The Queen Asked Brits To Find "Common Ground" & Some Believe It's A Subtle Reference To Brexit

WPA Pool/Getty Images Entertainment/Getty Images

Oh hi Queenie, what's up? Looks like Her Majesty is as frustrated as we all are with this political deadlock. And who could blame her really? Well, while out on a recent royal jaunt, HRH made a few comments that have got people thinking: is she subtly weighing in on the Brexit debate? I mean, she must be pretty concerned with the current state of the country she owns. (Does she own it? I don't understand her job.) Anyway, the Queen has asked for Brits to find a "common ground".

So, the Queen was in Norfolk, celebrating what I suppose is the equivalent of her girl gang: the WI. Yep, the Sandringham WI, or Women's Institute, turned 100 this year, and the Queen popped down for a cuppa and to say "great work, gals!" While there, the Queen spoke about the group's success and their general purpose, and some people have interpreted a few of of her comments to be subtle references to Brexit. According to the BBC, HM said:

"The continued emphasis on patience, friendship, a strong community focus, and considering the needs of others, are as important today as they were when the group was founded all those years ago. Of course, every generation faces fresh challenges and opportunities."

She went on to say:

"As we look for new answers in the modern age, I for one prefer the tried and tested recipes, like speaking well of each other and respecting different points of view; coming together to seek out the common ground; and never losing sight of the bigger picture."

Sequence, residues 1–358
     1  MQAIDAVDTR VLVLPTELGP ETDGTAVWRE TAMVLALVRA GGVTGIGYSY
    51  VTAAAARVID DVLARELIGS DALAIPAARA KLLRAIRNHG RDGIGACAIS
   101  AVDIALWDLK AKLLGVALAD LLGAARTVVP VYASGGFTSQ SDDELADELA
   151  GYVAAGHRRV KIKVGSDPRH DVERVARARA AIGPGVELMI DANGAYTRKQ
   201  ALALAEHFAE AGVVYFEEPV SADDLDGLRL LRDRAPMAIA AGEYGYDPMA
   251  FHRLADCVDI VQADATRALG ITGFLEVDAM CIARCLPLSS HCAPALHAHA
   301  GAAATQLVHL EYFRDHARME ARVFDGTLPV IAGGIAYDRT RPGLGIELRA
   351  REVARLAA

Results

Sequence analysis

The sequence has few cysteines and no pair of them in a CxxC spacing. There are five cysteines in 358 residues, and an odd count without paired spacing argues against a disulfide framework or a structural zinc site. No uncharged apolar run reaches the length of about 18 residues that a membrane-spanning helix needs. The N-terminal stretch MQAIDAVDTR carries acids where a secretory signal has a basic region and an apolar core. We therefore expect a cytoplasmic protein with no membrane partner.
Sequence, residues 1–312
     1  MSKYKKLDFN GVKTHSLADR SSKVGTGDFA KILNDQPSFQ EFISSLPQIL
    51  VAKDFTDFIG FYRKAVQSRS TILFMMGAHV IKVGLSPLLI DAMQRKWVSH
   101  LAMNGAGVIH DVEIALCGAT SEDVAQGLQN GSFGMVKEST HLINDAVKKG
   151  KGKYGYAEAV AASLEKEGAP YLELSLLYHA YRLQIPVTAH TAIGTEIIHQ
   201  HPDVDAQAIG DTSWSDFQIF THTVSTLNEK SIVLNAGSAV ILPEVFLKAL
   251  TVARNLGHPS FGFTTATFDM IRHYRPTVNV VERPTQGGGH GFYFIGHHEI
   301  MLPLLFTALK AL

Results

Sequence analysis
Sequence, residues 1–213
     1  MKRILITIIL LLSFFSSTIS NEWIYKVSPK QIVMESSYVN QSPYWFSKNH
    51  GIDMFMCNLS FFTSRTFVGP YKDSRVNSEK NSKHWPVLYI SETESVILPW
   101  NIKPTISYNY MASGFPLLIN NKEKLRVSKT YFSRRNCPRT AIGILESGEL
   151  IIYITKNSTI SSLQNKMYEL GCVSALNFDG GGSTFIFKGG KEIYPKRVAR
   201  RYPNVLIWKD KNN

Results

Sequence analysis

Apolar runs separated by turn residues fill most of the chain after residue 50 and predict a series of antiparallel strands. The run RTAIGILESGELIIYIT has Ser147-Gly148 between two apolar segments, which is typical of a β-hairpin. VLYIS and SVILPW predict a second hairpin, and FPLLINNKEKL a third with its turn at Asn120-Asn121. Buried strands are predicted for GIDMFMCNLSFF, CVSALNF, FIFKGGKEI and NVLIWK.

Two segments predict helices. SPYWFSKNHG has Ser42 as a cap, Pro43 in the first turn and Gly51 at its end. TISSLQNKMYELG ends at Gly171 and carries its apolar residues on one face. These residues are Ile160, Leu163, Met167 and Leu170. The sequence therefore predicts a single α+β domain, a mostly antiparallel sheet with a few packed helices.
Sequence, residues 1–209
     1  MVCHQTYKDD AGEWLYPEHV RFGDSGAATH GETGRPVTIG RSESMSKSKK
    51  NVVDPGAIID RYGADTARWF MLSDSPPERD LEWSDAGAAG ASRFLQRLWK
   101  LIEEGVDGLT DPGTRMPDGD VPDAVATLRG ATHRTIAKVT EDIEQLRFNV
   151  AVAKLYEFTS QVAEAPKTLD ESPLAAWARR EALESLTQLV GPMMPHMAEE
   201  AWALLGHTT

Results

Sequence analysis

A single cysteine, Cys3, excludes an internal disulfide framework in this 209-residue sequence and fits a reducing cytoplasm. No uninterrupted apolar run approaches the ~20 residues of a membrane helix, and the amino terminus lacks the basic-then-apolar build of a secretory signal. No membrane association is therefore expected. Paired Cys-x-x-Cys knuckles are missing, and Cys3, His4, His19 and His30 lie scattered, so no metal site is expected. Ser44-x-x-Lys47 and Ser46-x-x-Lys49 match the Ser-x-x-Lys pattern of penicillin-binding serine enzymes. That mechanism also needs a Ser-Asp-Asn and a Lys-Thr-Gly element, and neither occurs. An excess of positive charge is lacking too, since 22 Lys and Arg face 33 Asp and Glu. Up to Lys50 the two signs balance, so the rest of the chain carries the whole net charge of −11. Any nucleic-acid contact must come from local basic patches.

OMG, the Queen giving me serious mediator vibes and I'm so here for it. HM said that WI's approaches were "timeless," and that she "commend[s] them to everyone."

Now, I bet you are thinking, this no big deal, she hasn't really said anything, right? Well, actually, it kind of is a big deal guys. Because the Queen, in her role as monarch, is supposed to remain "strictly neutral" on all political matters, as the Royal website states. And while this incident isn't her calling for an election or anything, BBC royal correspondent Nicholas Witchell has pointed out that it is a veiled political comment if sorts. "It is impossible to imagine that the head of state would use a construction of words such as this without it being appreciated that they would be seen as a reference to the current political debate," he said of the matter. One might say it is the boldest move since she wore that hat after the Brexit referendum.

WPA Pool/Getty Images News/Getty Images

And it's kind of interesting that the Queen made these comments while at a WI event. I mean, the organisation says of itself:

"The WI is based on the ideals of fellowship, truth, tolerance, and justice. The organisation is non-sectarian and non-party political. WIs are charitable and everything they do must be consistent with that special legal status".

So, I guess the WI and the Queen have a lot in common in that respect. According to its website, the WI was founded back in 1915 in order to give rural communities a real boost and to get women helping to produce food during the First World War. It has grown to be the largest voluntary women's organisation in the UK, with a stonking 220,000 members in 6,300 WIs. So we have some OG feminists on our hands here guys.

Although what the Queen said wasn't that big a deal, hopefully a few people might listen to her message, as it is definitely a meaningful one no matter how your interpret it.